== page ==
Stay the night: Elephant's Nest Inn, Devon
This 16th-century inn, with a strange name, now offers a bed for the night, says Mark Rowe
Sunday 12 December 2010
The combination of an ancient pub and a wild moorland setting is usually a winning one, as the 16th-century Elephant's Nest Inn, in Devon, proves. And now you can sleep, as well as eat and drink, at one of the West Country's finest pubs, tucked away in the folded lanes of western Dartmoor.
The Elephant's Nest Inn, waymarked by a wooden fingerpost stuck in a hedge a mile distant, has started offering patrons a place to rest their heads after a pleasurable evening downstairs in the main dining area, which is all wooden beams, old maps of the surrounding mines and, perhaps predictably, dozens of miniature elephants and the pub's name translated into dozens of languages.
If the last of these features sounds a little contrived, well, it is. But that is no criticism because, in addition to this bit of marketing, the owners apply the same bright imagination and flair to delivering high standards of accommodation and food.
So where did that name come from? I'd hoped to learn that an elephant had somehow found its way here, perhaps as part of a Dickensian circus troupe, but the reality is slightly more prosaic: an overweight landlord from the 1950s, when shoehorned into a snug corner of the pub, was likened to an elephant sitting in a nest by a customer. The old name, the New Inn, was soon ditched, though it remains on the OS map and on some road atlases.
An extension – sympathetic to the building and clad in local stone – has allowed three rooms to be added, two upstairs and one downstairs. The lower room opens up through French doors on to a sheltered patio with views across the valley and you can make your way into the beer garden from here. Furnishings are extremely comfortable and stylish – the king-sized bed is perfectly sprung. There are plenty of smellies, fluffy cushions and solid oak floors underfoot. In winter, you'll appreciate the underfloor heating. Baths are generously sized. Each room has a flat-screen television and Wi-Fi, along with a refrigerator with milk for tea and coffee.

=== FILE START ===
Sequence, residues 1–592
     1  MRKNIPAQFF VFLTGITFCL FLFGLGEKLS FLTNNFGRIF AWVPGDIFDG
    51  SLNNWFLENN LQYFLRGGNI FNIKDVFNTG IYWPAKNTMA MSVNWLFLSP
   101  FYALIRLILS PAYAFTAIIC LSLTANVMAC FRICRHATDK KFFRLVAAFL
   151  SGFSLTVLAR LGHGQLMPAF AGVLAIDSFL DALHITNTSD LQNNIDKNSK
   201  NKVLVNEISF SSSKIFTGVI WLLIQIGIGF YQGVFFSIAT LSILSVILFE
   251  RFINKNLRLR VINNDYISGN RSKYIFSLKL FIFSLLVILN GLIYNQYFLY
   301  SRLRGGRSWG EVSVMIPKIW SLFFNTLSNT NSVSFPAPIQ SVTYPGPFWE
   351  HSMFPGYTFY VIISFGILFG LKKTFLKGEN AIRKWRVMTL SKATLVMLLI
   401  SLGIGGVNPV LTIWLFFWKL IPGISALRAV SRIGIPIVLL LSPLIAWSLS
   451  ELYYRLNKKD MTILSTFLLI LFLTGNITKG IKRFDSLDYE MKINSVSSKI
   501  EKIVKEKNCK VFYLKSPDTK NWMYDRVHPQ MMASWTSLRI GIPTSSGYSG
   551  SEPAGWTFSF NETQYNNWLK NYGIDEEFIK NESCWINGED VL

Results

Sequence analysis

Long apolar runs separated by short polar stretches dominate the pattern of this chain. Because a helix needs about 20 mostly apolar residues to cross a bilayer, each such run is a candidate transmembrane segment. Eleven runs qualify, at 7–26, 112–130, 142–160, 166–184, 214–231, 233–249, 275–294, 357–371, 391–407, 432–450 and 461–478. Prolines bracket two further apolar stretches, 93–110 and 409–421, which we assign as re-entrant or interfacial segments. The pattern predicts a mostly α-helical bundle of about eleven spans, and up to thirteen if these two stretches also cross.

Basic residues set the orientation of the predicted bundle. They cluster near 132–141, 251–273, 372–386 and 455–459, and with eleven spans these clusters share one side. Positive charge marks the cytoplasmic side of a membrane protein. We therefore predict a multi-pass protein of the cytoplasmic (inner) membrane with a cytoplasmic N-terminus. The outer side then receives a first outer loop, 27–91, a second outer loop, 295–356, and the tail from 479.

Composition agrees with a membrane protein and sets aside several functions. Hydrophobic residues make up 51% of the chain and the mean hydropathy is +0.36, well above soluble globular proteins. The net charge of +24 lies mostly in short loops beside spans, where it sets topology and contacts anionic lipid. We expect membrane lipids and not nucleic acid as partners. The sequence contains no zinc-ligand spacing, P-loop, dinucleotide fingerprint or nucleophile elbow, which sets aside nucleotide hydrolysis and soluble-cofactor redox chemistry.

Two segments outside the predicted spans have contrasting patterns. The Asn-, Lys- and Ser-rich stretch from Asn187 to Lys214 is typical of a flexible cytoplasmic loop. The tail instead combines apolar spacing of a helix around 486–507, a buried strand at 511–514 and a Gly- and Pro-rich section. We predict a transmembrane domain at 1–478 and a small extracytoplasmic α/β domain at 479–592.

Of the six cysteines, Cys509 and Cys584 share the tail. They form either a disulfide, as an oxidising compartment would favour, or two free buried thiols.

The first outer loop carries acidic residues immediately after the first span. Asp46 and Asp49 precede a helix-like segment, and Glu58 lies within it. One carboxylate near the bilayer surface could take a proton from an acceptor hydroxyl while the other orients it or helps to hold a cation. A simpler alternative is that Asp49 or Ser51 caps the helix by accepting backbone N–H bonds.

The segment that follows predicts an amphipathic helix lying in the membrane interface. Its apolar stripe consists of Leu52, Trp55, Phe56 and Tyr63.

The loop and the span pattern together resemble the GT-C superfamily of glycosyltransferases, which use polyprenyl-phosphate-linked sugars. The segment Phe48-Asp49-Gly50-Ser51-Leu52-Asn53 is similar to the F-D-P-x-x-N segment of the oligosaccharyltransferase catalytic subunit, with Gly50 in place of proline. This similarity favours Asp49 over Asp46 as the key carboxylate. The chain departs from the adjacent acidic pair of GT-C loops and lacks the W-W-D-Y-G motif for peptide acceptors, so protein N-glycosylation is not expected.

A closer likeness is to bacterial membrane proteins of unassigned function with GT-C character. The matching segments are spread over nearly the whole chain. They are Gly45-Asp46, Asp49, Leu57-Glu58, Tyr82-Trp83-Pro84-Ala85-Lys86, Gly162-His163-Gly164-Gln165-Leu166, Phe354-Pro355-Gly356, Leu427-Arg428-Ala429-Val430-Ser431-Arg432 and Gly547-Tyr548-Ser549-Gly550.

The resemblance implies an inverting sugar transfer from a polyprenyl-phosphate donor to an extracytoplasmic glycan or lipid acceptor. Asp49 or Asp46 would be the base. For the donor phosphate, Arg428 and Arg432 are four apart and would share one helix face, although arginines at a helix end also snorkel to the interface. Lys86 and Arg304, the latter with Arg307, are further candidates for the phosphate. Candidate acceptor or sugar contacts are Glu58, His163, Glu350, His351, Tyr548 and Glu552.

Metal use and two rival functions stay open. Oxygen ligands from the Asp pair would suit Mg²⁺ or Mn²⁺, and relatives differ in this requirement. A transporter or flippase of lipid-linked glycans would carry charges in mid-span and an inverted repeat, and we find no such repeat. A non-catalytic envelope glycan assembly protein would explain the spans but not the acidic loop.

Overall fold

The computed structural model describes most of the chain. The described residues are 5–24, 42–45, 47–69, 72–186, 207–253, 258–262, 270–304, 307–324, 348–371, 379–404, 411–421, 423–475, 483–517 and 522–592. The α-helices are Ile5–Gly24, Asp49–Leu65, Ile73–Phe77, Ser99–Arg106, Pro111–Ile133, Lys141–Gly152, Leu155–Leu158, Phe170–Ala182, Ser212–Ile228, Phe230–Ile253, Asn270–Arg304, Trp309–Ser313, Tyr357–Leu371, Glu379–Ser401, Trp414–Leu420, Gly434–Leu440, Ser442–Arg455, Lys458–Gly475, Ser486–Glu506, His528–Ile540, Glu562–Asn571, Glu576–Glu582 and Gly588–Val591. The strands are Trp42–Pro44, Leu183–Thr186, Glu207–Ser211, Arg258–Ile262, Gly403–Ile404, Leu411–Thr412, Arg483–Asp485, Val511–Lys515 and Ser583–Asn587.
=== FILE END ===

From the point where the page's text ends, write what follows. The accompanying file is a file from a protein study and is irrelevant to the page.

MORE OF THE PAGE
The food and drink
Local is the theme here – and in the West Country that's pretty much a guarantee of excellence in sourcing, rearing and presentation. The beef, pork and lamb are from local herds and the fish comes up the A30 from St Ives daily. Sunday roasts are prodigious and mouth-watering – but you'll need to go easy on the generous breakfast (all the meats, yoghurts and cereals, served in a cosy nook of the pub with elephants of every shape and description on the walls). Dinner is served either inside or – if the weather holds – in the flower-filled garden with splendid views across the surrounding tors of Dartmoor. The bar caters for every taste – choose from five wines by the glass or an extensive, world-ranging wine list, plus there are any number of Devon beers, including Jail Ale brewed in the shadow of the prison in Princetown. Starters cost from £5, mains from £10. Reckon on £30 per person for three courses and drinks.
The pub is hemmed in from the outside world by classic Devon lanes with high, turfed hedges. From here you can strike out on any number of scenic walks – the leat (man-made waterway) of the River Tavy is nearby, or you could nose around the fine churches of St Peter and St Mary, from which the two neighbouring villages take their names.
Children are welcome, as are dogs. The age of the building means there is no specific access for wheelchair users, though wooden ramps are laid down where necessary for the rooms, garden and the bar.
From £80 per room, B&B.
The Elephant's Nest Inn, Horndon, Mary Tavy, Tavistock, Devon PL19 9NQ (01822 810273; elephantsnest.co.uk).
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